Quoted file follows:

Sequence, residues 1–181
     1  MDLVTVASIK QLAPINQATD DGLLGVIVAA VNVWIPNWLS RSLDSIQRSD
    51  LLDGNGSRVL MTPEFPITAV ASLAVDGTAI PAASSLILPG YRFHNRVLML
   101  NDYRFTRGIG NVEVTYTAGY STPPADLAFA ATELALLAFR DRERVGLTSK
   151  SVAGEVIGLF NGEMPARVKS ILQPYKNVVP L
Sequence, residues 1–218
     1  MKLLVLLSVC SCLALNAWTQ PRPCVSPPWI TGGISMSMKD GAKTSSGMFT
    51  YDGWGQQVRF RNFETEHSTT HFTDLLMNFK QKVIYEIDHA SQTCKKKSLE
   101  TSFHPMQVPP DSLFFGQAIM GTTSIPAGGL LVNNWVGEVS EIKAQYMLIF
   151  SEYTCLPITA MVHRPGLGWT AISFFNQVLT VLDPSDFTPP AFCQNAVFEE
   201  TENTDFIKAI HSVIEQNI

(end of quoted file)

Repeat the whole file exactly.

Sequence, residues 1–181
     1  MDLVTVASIK QLAPINQATD DGLLGVIVAA VNVWIPNWLS RSLDSIQRSD
    51  LLDGNGSRVL MTPEFPITAV ASLAVDGTAI PAASSLILPG YRFHNRVLML
   101  NDYRFTRGIG NVEVTYTAGY STPPADLAFA ATELALLAFR DRERVGLTSK
   151  SVAGEVIGLF NGEMPARVKS ILQPYKNVVP L
Sequence, residues 1–218
     1  MKLLVLLSVC SCLALNAWTQ PRPCVSPPWI TGGISMSMKD GAKTSSGMFT
    51  YDGWGQQVRF RNFETEHSTT HFTDLLMNFK QKVIYEIDHA SQTCKKKSLE
   101  TSFHPMQVPP DSLFFGQAIM GTTSIPAGGL LVNNWVGEVS EIKAQYMLIF
   151  SEYTCLPITA MVHRPGLGWT AISFFNQVLT VLDPSDFTPP AFCQNAVFEE
   201  TENTDFIKAI HSVIEQNI